Wednesday, October 30, 2013

CXCIX - Job Chapters 8-14

Job’s friends had come from great distances to comfort their old friend in his time of misfortune and grief.  In the last post we saw that Eliphaz was the first to speak and, although well meaning, his speech to Job did nothing to show sympathy or to encourage Job, as was made clear in Job’s response.  In this post we will look at the speeches of Bildad and Zophar, then Job’s response to each.  We must be careful as we look at what these men have to say.  There is much truth in their speeches, but it is often misapplied.  As we minister to others, merely stating Biblical truth is often inadequate.  We must apply it with compassion when dealing with the grieving, and must be careful not to take it out of context.

Chapter 8  -  Bildad’s Speech

Bildad was a hard liner, who applied a non-bending set of doctrines to every situation in life.  He is too abrasive to possibly be comforting.  Look at verse 4.  He indicates that Job’s children died because they did something to deserve it.  {What a terrible thing to say to a man in Job’s position!}  He goes on to suggest that if Job repents his sins, God will heal and restore.  Bildad insists that God would not never punish the blameless (vs 20)

Chapters 9-10  -  Job’s Reply to Bildad

Job, although somewhat angry with Bildad’s words, was careful not to dispute the basic truths contained in Bildad’s speech.  Job praises God and His unlimited power, but goes on to voice frustration at his own limited ability to present his case to God.  In verse 14 he says, “How then can I dispute which Him?  How can I find words to argue with Him?”  Then Job insists that he is innocent of the wrong-doing that would bring forth such punishment he has had to endure.  Job then begins speak as in prayer, knowing God is listening to all of this conversation.  In chapter 10 Job again expresses loathing for his life, and wants to die.  He insists upon his innocence, pleads for mercy, and by the end of his speech he seems to more directly blame God.  {This is not quite as disrespectful as it sounds.  If you carefully read Job’s words, you will realize that along with that blame goes the recognition of God’s omnipotence.}

Chapter – Zophar’s Speech

Zophar was the least diplomatic of the three.  He started out strong and actually said less than the other two.  His speech had three parts.  First, he wished God would reveal to Job the truths about himself, and suggested that Job was suffering less than he deserved.  {I'm certain this did not sit well with Job.}  Secondly, he described God’s wisdom as opposed to the foolishness of man.  God knew who was good and who was sinful and needed punishment.  Thirdly, Zophar called on Job to repent.  If Job sincerely repents, everything will go back to normal.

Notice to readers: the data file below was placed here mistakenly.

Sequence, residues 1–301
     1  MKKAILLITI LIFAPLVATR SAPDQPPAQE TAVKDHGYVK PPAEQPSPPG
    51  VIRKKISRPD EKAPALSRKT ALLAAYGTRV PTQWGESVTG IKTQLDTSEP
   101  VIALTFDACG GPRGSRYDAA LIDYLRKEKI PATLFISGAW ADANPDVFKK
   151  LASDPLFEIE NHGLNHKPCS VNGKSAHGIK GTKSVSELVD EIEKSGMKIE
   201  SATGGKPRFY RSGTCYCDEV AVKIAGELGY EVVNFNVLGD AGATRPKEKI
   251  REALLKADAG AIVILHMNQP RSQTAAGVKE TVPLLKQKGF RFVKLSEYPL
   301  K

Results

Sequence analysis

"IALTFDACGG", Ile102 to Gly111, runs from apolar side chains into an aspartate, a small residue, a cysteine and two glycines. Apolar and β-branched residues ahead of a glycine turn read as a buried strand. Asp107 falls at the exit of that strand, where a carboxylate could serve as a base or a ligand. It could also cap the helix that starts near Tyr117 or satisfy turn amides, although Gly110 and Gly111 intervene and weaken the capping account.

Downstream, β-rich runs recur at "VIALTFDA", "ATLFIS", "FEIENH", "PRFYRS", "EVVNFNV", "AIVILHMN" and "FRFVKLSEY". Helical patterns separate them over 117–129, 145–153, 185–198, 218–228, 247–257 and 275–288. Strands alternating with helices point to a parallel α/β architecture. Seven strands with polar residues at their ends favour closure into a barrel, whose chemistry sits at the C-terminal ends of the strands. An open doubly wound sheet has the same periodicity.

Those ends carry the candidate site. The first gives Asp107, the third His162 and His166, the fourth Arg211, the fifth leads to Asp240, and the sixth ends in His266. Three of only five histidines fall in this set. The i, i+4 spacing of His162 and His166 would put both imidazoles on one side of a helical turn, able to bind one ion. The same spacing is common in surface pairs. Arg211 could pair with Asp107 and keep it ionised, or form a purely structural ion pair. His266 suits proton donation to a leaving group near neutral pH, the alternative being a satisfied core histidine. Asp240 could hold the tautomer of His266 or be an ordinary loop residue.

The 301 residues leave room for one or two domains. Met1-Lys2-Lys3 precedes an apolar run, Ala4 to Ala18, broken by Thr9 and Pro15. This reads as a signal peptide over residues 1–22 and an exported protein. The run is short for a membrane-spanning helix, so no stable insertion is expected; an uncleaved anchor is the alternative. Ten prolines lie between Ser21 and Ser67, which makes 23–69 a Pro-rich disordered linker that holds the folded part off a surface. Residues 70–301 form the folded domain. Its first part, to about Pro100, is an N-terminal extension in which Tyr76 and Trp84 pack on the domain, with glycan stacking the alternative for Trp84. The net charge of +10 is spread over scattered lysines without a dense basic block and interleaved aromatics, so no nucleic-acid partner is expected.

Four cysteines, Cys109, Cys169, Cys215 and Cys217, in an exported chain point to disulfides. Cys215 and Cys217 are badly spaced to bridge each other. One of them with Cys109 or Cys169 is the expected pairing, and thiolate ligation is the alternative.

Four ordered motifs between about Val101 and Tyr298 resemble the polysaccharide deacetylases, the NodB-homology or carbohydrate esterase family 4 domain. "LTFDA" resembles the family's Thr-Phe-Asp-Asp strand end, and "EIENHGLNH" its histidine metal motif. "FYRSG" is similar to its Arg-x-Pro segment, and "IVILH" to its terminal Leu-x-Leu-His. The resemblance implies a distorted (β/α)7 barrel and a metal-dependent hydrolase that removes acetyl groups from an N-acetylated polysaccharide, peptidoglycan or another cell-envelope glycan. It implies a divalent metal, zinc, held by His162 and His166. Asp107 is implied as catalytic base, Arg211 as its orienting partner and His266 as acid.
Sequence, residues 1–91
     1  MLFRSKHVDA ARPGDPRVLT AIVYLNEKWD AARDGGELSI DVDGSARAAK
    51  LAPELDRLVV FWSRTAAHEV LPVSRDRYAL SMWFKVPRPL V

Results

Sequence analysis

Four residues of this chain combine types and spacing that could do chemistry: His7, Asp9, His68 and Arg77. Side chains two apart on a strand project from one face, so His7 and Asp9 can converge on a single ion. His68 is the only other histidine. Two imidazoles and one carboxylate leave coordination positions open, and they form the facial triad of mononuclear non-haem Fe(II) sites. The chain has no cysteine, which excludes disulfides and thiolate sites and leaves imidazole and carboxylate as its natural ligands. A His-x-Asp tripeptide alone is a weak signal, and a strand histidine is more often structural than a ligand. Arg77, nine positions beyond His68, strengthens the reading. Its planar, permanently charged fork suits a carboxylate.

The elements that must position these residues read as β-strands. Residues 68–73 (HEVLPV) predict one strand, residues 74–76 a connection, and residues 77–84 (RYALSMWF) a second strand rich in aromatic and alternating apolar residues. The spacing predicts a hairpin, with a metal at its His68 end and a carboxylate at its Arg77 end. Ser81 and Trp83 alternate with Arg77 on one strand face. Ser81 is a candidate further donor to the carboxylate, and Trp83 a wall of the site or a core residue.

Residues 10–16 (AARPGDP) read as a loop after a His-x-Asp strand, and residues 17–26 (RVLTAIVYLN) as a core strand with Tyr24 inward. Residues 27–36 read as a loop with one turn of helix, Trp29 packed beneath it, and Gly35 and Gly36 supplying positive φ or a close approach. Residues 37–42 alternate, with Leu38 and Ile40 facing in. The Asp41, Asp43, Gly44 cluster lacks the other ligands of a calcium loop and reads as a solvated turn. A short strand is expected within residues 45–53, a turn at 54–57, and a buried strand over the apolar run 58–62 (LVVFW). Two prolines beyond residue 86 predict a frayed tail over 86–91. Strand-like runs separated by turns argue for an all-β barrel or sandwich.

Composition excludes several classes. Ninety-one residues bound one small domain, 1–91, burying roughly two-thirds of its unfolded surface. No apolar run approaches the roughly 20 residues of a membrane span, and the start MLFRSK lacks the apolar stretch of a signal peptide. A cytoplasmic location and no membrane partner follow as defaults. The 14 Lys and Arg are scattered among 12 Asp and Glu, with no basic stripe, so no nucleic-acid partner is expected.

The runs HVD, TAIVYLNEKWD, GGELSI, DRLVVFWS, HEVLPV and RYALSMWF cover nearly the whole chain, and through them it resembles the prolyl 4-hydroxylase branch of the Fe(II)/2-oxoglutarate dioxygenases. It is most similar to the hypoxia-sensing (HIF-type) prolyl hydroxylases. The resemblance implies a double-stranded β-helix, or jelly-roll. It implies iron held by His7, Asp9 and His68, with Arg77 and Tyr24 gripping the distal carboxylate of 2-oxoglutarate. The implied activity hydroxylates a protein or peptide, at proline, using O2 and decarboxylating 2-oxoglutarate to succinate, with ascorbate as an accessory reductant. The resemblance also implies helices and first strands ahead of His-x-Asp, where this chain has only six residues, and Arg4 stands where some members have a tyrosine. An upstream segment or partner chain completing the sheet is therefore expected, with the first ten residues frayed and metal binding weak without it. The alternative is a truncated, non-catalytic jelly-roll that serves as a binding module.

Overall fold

Chapters 12-14  -  Job Replies to Zophar
Job was insulted and hurt by Zophar’s words.  But Job did not lash out at Zophar only.  He addressed all three.  He does not see the point of exercising any tact with these three men, as he has run out of patience for their empty words.  He says in the second verse of chapter 12 (sarcastically) “wisdom will die with you”.  In other words when you three die, there will be no more wisdom on the earth.  This was letting them know early in his response that he had not respect for them.  He goes on to say that he is not inferior to them.  They have told him nothing that he did not already know.  In the beginning verses of chapter 13 Job repeats the phrase, “I am not inferior to you”.  He tells them in vs 4 that they are worthless physicians, meaning they are no help to him at all.  He told them in verse 13 to “be quiet and let me speak”.  This was telling them to yield to someone who is smarter than them.  Job continues to plead for the opportunity to present his case to God, confident that if God would hear him, He would vindicate him.  Then in verses 20-22, he asks God for only two things.  First, he wants God to take a break from punishing him.  Secondly, he begged God to stop scaring him.  {Evidently Job was frightened constantly and it had taken a heavy toll on his mind.}  Verse 22 shows that Job is desperate to plead his case, as he tells God that he is willing to be the plaintiff or the defendant.  He just wants his day in court.  Verses 23-24 he again pleads with God to tell him what he did that was so wrong.  In chapter 14 Job again expounds on the omnipotence of God, and how powerless we are.  I found it interesting that Job comments on the finality and irrevocability of death, saying that if a tree is cut down, its roots can still sprout and the tree will live again, but man is not designed to ever regain life (vs 10).  As Job is voicing frustration, he becomes even more desperate to have a direct audience with God Himself.  As we read these words of Job we realize the depth of wisdom and insight this man has.

Next post  -  Job’s Conversation With His Three Friends Continues

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